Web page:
It’s 10 PM on MLK Day, and I am pissed the hell off. And I feel like blogging may help. I read a book recently that lead me to believe that if I can express my rage with some type of eloquence that organizes and makes sense of it, maybe then I can relax knowing that my rage has been focused and pointed at a worthy target. (And maybe I can go to bed.) So here goes…
I just watched (and shared) a short interview of Dr. Martin Luther King answering a question from a white reporter who inquired “what is it about the Negro that makes them different from other immigrants”. The inquiry implied that while other immigrants to this country have been able to “pull themselves up by the bootstraps,” Negroes have not been able to overcome the obstacles put in place by this country and obtain the same success as other immigrants.
This line of thinking is why I don’t like being referred to as an “immigrant.” Most immigrants migrated by choice, not by force. They wanted to be here. We didn’t.
Anyway, this was my first time seeing this particular interview by Dr. King, as well as my first time hearing Dr. King speak so frankly on the economics of racism. And this is why I’m pissed.
Dr. King’s most well known speech is the “I have a dream” speech where he hopes, wishes and dreams for a world that his children, and all children, are judged by the content of their character not the color of their skin.
I have a dream that my four little children will one day live in a nation where they will not be judged by the color of their skin but by the content of their character. I have a dream today.
I remember this part of his speech so well because I had to memorize it as a child. It is the most widely praised and quoted portion of his speech at the March on Washington in 1963.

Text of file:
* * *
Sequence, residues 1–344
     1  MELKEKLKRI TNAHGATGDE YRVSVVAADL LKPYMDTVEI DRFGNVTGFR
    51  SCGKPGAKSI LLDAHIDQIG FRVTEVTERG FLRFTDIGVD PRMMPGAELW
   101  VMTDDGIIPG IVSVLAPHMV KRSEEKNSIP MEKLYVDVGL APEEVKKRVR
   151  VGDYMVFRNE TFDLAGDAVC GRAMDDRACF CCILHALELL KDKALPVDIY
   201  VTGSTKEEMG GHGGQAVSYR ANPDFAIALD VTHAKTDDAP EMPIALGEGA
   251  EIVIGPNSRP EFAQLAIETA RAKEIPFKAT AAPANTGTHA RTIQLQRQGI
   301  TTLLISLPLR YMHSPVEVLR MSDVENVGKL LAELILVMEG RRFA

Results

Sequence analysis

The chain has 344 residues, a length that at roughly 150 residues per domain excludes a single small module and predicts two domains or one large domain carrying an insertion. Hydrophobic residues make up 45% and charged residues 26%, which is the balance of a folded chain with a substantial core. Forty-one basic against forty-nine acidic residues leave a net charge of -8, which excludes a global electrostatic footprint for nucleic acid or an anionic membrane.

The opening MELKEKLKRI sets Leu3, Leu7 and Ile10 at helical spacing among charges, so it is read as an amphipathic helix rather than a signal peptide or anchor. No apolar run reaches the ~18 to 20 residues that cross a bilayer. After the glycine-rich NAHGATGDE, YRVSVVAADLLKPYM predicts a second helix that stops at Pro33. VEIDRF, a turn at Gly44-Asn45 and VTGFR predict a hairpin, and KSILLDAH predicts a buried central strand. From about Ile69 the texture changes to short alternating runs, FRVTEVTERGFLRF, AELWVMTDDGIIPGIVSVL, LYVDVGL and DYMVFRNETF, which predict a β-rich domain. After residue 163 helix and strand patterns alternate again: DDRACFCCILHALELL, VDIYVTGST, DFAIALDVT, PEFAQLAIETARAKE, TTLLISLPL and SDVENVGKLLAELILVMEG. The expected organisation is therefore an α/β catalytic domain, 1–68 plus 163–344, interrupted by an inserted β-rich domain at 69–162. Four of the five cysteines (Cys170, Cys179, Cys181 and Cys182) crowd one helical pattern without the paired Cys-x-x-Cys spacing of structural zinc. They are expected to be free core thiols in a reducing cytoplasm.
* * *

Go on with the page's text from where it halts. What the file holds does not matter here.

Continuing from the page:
I’m realizing now, at 10 PM on MLK Day 2020, that the most well known portion of the “I have a dream” speech was so well received by people of all colors, especially White people, because it was one of the few times that MLK gave a speech that absolved White people of the guilt of having benefited from slavery. It called for all people to be seen as equal, while not focusing on America’s sin of slavery and the reasons that Black people, in particular, are not looked at as equal. That one portion of his speech idealized a colorblind world where White people and Black people, and people of other races too, were all looked at the same. In short: it made White people comfortable.
But in this clip I shared today where Dr. King is addressing the difference between the experience of African-Americans in America versus other immigrants in America, Dr. King’s speech is remarkably different from his “I have a dream” speech. He is not hoping or dreaming or wishing for a better America. He is not idealistic. And he is not holding back. He is speaking frankly about the real America, the America that we live in even today.
And now, seeing this side of Dr. King, after having been solely taught a completely different, idealistic side of Dr. King pisses me the hell off! The fact that Dr. Martin Luther King could so eloquently express the origin of the racial injustices in America – specifically the injustices that Black people face at the hands of a predominately White government – yet America has chosen to remember him for a moment in a speech where he took a few seconds to dream, instead of remembering him for fighting for racial and economic equality – it was the ‘March on Washington For Jobs and Freedom’ after all, pisses me off!